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Abortion

3-minute read

An abortion (termination) is the medical process of ending a pregnancy so it does not result in the birth of a baby. Depending on how many weeks you have been pregnant, the pregnancy can be ended by taking medication or by having a surgical procedure.

An abortion is not the same as a miscarriage, where the pregnancy ends without medical intervention (although medical treatment may be needed after a miscarriage). 

If you have an unwanted pregnancy or pregnancy complications, it’s important to look at all your options. There are different types of abortion you can explore based on your stage of pregnancy, but it’s worthwhile talking to a reliable and unbiased source for more information. 

There are many reasons a woman might decide to have an abortion including:

  • personal circumstances
  • a health risk to the mother
  • a high probability that the baby will have a medical condition

Abortion law in Australia varies across states and territories. Abortion is legal in all states and territories under certain circumstances and when it is done by a registered medical professional. This article details abortion law in each State and Territory.

If you would like more information about the recent changes to the law in NSW, including accessing services in NSW, please contact the NSW Pregnancy Options Helpline on 1800 131 231.

What are the options?

There are two options for an abortion: surgical and medical.

Surgical abortion: The most common type of abortion is a surgical procedure called a ‘suction curette’. This involves the removal of the lining and the contents of the uterus by applying gentle suction to the inside of the uterus with a small plastic tube. Surgical abortion is a safe and straightforward day-surgery procedure most often performed in the first trimester (up to 12 to 14 weeks’ gestation). The procedure takes about 15 minutes, but you will need to be at the clinic or hospital for about 4 hours.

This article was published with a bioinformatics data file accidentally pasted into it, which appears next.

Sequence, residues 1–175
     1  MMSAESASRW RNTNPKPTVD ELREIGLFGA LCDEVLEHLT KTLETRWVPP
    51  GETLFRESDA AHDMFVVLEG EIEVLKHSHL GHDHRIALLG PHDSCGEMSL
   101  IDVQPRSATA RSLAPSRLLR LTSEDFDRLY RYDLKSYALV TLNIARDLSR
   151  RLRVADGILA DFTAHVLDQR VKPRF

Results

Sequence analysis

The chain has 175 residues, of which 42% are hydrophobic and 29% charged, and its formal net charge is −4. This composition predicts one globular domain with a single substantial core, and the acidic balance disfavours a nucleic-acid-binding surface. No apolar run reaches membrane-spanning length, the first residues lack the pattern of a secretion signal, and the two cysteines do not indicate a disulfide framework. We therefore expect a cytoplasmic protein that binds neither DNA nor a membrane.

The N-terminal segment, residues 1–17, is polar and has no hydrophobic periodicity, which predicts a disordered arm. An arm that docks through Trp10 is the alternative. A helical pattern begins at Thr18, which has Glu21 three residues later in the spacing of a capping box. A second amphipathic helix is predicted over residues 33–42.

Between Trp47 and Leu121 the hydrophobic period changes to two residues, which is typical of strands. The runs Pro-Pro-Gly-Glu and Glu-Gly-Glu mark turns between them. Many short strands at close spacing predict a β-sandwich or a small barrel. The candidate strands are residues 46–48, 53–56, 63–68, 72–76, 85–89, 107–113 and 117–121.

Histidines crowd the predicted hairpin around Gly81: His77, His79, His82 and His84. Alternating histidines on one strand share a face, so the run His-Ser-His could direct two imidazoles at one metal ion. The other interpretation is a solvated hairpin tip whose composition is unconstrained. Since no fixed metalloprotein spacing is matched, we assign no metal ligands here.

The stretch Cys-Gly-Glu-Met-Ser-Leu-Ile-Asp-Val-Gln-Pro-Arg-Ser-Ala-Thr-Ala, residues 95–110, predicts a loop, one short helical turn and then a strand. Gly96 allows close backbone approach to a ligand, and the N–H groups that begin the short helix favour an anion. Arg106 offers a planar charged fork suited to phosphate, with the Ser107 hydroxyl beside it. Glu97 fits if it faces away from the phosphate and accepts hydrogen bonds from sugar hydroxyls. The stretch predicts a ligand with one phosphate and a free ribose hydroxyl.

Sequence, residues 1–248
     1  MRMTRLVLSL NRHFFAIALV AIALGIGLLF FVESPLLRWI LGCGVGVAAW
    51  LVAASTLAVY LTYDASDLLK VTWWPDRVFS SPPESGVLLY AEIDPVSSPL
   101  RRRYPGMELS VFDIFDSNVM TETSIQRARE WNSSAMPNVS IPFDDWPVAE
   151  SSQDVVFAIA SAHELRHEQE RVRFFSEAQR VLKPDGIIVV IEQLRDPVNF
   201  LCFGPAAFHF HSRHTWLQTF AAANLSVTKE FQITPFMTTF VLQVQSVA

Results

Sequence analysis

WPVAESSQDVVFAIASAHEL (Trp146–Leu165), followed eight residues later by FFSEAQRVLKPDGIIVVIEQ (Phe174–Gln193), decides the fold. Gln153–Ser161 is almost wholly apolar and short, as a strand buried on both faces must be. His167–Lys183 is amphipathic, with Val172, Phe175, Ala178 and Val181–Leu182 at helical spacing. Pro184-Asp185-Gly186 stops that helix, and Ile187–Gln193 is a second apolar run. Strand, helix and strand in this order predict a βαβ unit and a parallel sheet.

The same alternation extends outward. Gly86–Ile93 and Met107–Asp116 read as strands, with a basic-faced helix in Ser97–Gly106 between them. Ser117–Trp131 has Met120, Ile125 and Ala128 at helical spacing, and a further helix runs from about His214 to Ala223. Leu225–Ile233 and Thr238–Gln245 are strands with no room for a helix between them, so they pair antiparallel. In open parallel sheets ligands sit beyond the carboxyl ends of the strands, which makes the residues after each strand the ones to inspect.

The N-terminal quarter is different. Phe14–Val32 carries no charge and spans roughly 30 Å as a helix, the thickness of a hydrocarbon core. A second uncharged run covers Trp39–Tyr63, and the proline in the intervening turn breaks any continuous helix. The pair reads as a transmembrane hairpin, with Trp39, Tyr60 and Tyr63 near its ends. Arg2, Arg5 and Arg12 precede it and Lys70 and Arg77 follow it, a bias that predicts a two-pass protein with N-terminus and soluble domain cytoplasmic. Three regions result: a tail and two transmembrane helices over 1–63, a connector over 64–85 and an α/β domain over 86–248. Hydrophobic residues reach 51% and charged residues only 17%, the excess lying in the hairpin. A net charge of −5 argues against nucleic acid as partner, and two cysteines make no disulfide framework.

Medical abortion: A low-risk alternative to surgery used for terminating pregnancies earlier than 9 weeks (depending on the clinic) is a medication called RU486 (mifepristone). It is sometimes called ‘the abortion pill’, and is the most widely known medication used for this procedure. Medical abortion is a 2-stage process. The first stage involves taking a tablet that blocks the hormone necessary for the pregnancy to continue. This is followed 24 to 48 hours later by a second medication that causes the contents of the uterus to be expelled.

Advice and information

There are safe and supportive abortion and family planning clinics that can provide reliable advice.

To find these clinics, and for reliable, unbiased information about abortion in your state or territory, you can contact:

You can also discuss your options with your doctor or call Pregnancy, Birth and Baby on 1800 882 436 to speak with a maternal child health nurse for information and support.

Learn more here about the development and quality assurance of healthdirect content.

Last reviewed: September 2020


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Call us and speak to a Maternal Child Health Nurse for personal advice and guidance.

Need further advice or guidance from our maternal child health nurses?

This information is for your general information and use only and is not intended to be used as medical advice and should not be used to diagnose, treat, cure or prevent any medical condition, nor should it be used for therapeutic purposes.

The information is not a substitute for independent professional advice and should not be used as an alternative to professional health care. If you have a particular medical problem, please consult a healthcare professional.

Except as permitted under the Copyright Act 1968, this publication or any part of it may not be reproduced, altered, adapted, stored and/or distributed in any form or by any means without the prior written permission of Healthdirect Australia.